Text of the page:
Section 25 of The Matrimonial Causes Act 1973 provides a statutory framework of the factors which are relevant to how matrimonial assets are divided up on divorce.
The most important and paramount consideration is the welfare of any child of the family under the age of 18. Consideration will be given first and foremost to providing accommodation for the children.
In practice, this means that the appropriate outcome will be one which balances the financial needs of each parent, whilst at the same time making appropriate arrangements for the children’s financial needs.
There are other factors which are also relevant:
- The income, earning capacity, property and other financial resources which each party has, or is likely to have in the foreseeable future. In the case of earning capacity, it would also be relevant to examine whether it was reasonable to expect one party to take steps to acquire an earning capacity;
- The financial needs, obligations and responsibilities which each of the parties to the marriage has or is likely to have in the foreseeable future;
- The standard of living enjoyed by the family before the breakdown of the marriage;
- The respective ages of the parties and the length of the marriage;
- Any physical or mental disability of either party to the marriage;
- The contributions which each of the parties has made or is likely in the foreseeable future to make to the welfare of the family, including any contribution by looking after the home or caring for the family;
- The conduct of each of the parties in rare and exceptional cases; and
- The value to each of the parties to the marriage of any benefit which, by reason of the divorce, that party will lose the chance of acquiring.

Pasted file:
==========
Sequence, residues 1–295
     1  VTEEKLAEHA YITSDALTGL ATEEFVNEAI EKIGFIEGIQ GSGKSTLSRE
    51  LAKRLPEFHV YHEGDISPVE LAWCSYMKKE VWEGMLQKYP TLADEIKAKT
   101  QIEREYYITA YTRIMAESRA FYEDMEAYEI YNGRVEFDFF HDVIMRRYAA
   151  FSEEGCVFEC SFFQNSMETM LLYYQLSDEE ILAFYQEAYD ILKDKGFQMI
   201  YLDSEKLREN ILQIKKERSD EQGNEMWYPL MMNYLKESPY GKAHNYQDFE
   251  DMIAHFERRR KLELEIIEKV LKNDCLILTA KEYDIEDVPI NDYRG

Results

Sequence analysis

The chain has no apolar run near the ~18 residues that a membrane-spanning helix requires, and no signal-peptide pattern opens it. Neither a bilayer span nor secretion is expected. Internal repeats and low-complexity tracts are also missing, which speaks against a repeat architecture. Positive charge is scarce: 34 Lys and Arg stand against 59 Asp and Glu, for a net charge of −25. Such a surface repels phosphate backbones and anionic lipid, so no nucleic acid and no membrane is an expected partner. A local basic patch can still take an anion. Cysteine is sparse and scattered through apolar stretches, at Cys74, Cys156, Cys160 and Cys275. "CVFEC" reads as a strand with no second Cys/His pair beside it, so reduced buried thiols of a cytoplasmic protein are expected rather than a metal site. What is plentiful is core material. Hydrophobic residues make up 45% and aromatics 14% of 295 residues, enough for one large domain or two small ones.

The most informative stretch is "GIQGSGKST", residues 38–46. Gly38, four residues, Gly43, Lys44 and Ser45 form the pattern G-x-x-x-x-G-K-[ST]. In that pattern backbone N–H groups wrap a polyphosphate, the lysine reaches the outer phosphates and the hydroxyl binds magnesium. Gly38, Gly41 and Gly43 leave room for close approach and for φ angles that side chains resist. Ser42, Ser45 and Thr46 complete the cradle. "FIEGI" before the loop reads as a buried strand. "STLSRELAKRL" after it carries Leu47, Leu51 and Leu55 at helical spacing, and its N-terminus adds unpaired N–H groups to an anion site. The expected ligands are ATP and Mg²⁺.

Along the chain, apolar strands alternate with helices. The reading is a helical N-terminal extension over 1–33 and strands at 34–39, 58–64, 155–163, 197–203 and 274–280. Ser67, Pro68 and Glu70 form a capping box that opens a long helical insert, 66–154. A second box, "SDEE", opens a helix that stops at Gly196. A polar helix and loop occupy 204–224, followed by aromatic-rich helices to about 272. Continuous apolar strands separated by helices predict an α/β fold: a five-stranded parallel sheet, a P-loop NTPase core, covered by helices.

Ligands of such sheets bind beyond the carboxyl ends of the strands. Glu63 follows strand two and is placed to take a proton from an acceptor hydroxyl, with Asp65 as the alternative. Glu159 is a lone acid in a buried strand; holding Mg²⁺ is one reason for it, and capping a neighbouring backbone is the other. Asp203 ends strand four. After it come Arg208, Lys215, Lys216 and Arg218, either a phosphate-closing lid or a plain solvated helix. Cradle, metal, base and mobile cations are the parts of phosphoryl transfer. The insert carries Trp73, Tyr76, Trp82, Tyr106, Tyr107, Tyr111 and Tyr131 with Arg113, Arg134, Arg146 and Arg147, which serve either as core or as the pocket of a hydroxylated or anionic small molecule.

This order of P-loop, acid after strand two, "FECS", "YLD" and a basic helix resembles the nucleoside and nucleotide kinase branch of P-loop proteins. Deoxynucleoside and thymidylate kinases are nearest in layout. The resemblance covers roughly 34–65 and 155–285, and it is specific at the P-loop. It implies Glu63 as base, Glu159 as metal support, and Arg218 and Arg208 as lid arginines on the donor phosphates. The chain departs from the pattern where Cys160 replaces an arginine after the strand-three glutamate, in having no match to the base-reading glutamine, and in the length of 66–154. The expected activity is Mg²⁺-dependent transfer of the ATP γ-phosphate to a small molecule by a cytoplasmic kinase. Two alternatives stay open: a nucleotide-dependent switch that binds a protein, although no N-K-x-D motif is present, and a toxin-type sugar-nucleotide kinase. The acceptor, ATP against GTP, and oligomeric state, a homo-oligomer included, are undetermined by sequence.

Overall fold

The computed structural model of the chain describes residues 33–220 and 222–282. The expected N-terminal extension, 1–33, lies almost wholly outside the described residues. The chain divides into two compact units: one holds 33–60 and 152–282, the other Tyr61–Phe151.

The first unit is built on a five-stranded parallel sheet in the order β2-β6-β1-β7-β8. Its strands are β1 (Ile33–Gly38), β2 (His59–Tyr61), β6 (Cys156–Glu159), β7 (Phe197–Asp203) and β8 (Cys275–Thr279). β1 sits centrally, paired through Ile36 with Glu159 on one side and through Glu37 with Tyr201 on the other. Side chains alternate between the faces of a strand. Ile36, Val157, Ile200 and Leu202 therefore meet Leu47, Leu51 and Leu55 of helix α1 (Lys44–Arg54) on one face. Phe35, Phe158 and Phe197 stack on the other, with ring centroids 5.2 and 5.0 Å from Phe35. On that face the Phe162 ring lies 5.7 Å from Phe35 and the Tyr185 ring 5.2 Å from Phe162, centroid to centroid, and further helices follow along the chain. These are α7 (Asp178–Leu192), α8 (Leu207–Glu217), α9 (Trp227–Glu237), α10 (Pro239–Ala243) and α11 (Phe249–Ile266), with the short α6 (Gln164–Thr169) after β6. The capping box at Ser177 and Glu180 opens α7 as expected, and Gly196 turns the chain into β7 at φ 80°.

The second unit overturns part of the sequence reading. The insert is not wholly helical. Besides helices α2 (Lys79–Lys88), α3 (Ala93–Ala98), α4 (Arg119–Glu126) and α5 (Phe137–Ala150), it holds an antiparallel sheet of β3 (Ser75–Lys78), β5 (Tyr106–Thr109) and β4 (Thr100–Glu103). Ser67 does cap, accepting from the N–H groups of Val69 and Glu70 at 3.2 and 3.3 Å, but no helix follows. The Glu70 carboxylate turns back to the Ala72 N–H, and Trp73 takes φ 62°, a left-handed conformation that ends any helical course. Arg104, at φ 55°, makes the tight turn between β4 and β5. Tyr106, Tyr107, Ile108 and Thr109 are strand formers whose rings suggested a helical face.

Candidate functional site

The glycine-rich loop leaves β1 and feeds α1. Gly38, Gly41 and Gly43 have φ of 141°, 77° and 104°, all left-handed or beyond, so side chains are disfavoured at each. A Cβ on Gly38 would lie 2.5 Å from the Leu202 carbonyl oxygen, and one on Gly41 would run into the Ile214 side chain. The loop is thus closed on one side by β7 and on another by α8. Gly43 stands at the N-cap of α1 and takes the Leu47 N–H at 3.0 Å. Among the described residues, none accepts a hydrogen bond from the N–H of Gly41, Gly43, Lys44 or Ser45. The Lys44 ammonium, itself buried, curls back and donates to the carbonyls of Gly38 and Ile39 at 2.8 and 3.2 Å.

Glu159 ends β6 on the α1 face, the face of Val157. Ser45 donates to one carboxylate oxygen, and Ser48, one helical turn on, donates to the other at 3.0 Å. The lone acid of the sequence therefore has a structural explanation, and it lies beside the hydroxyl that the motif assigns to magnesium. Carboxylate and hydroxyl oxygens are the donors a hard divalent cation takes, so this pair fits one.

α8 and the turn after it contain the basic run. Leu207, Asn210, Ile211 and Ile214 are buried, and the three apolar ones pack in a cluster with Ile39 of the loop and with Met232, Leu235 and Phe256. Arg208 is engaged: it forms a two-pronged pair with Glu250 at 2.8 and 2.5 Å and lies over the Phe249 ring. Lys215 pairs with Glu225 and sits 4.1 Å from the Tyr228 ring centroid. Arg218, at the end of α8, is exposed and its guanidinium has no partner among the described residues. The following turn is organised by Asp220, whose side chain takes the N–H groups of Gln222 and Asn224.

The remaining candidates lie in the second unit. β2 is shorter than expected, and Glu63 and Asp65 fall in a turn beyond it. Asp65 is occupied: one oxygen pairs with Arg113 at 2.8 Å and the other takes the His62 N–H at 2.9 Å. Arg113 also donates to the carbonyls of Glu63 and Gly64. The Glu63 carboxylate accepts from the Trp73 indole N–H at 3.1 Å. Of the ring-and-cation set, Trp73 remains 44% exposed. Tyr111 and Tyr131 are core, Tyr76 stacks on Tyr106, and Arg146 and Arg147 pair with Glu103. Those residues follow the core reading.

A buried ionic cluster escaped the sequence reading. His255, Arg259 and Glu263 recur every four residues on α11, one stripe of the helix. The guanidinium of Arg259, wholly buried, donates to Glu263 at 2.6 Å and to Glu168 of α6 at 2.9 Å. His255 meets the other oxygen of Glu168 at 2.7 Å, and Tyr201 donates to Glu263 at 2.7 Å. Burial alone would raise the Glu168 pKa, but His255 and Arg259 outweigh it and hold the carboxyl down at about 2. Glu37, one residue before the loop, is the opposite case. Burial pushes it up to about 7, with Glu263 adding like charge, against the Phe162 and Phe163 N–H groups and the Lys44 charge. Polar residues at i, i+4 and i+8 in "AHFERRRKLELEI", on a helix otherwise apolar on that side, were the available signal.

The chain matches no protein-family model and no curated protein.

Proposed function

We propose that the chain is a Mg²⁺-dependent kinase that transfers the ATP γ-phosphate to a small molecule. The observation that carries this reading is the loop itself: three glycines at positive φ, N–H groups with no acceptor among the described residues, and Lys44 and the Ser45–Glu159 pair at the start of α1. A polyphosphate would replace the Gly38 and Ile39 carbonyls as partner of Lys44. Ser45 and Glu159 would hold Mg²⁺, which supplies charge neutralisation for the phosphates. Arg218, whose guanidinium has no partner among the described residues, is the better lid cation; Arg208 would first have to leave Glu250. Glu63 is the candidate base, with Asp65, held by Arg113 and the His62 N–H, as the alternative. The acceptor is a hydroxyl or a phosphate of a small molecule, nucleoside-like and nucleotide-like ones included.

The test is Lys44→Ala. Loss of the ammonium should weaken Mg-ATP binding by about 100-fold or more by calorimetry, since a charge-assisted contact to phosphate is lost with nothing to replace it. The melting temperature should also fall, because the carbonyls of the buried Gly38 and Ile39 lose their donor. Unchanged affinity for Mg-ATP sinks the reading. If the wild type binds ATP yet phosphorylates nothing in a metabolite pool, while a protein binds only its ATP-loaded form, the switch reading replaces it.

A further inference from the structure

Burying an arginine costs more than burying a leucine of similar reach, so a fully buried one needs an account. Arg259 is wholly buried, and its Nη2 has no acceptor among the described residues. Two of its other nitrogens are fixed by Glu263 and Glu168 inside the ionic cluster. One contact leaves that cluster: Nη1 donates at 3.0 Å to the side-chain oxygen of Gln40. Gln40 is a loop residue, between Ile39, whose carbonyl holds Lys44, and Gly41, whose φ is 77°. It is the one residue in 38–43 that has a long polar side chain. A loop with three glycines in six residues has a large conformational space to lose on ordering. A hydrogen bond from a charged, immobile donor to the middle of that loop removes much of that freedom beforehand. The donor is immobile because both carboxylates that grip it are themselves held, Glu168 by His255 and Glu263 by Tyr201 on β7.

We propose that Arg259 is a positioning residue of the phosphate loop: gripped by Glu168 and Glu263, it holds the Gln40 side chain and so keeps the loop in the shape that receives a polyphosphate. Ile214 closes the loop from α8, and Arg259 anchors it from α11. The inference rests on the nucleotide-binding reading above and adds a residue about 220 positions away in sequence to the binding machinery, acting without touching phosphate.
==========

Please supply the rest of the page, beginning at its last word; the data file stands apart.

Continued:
The court has wide ranging powers to order:
- An immediate or deferred sale of property;
- A transfer of property;
- A payment of a lump sum;
- Maintenance pending suit;
- Interim and continued maintenance payments;
- Child maintenance payments in limited circumstances;
- Pension Sharing; and
- An injunction to freeze assets.
There is no automatic guarantee that assets will be shared equally, but often this is the most appropriate solution to produce fairness for both.
Consideration will be given as to whether it is possible to achieve a clean break financial settlement, which will prevent either party from making any subsequent financial claim against the other.
Leading case law is useful in providing guidelines for the legal profession when considering how assets should be divided. For example, financial contributions can be regarded as equal to home making contributions.
Therefore, a housewife should not be penalised for remaining in the home and looking after the children whilst her husband goes out to work. The court will wish to achieve equality in this regard.
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